Cassidy Red is a Western fable chronicling the existential struggle of protagonist “Josephine Cassidy”. When she is led to believe that her lover has been killed by her scornful ex-fiancée, she returns to her hometown, seeking retribution. Torn between love, hate, loyalty, and vengeance, Joe’s path to satisfaction widens out of her control.
Cassidy Red started as a love letter to the Western, specifically the Westerns of Sergio Leone- a personal hero of mine. Leone, a man of enormous ambition and ingenuity, loved the genre unconditionally. But, like so many filmgoers and filmmakers of the mid 20th century he had grown fatigued with the predictability, formula, and stylistic blandness characteristic to so many American Westerns of the 50s and 60s. Leone was confident he could inject new life and fresh ideas into a genre he felt still had plenty of fertile, unexplored artistic real estate left in it. So he imagined a new vision of an old genre. His creation, the tacky but evocatively-named “Spaghetti Western” changed the genre and filmmaking as a whole for better and for always.
Leone’s "Western" was always my favorite take on the genre. There was a vitality and a stylistic confidence that seemed to open up the form and define what the iconography of the frontier was actually about, at its core. I appreciated and respected the films of John Ford, Sam Peckinpah, or John Sturges. But I loved and mythologized the films of Leone. It had always been a dream of mine to write a cinematic love letter to the man- a pastiche of reverence and reference. But as the script and conception for the film Cassidy Red began to take shape I realized that I wasn’t nearly as interested in the style or semiotics that would define the film as a “neo-Spaghetti Western” as I was in the characters and, crucially, the film’s central love story. That’s when it became clear to me that this film didn’t need to be beholden to the visual or tonal expectations of films I had grown up loving. This film’s only responsibility was to itself and ultimately to the character of Josephine Cassidy.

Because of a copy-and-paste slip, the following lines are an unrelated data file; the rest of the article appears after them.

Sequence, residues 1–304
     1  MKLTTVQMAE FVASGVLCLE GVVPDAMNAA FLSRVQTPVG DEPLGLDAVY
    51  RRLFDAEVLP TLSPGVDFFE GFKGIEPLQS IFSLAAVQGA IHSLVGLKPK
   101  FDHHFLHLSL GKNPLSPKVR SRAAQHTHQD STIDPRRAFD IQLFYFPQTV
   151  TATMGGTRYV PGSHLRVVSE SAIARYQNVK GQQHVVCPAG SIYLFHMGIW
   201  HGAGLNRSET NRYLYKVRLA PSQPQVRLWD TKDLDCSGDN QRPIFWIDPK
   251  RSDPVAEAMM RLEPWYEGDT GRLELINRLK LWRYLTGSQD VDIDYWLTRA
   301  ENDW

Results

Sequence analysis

Leone’s films instilled a deep, formative love for the Western inside me and that affection will last a lifetime. But the goal of Cassidy Red evolved from making a “Leone film” to making a film “like Leone did”. He looked at the Westerns and decided there were stories and characters and themes he didn’t feel were represented in his favorite genre. This is exactly the way I approached our film. The superstructure of Cassidy Red is forged from the familiar elements we all associate with the Western- the untamed frontier, the constant threat of violence, outlaws, betrayal, corruption, saloons, jail cells, livestock, prostitution, lawlessness, and bloodshed. But, at its core, what the film is principally interested in, is to examine the elements underrepresented in the genre- strong, complex female characters, familial ties, heartbreak, sacrifice, and star-crossed love. Cassidy Red is a film about family. It's a film about legacy, lineage, and the loaded implications of a surname (hence the title). It’s a film that knows exactly who its spiritual ancestors are and ultimately wants nothing more than to make them proud.
-Matt Knudsen, 12/2017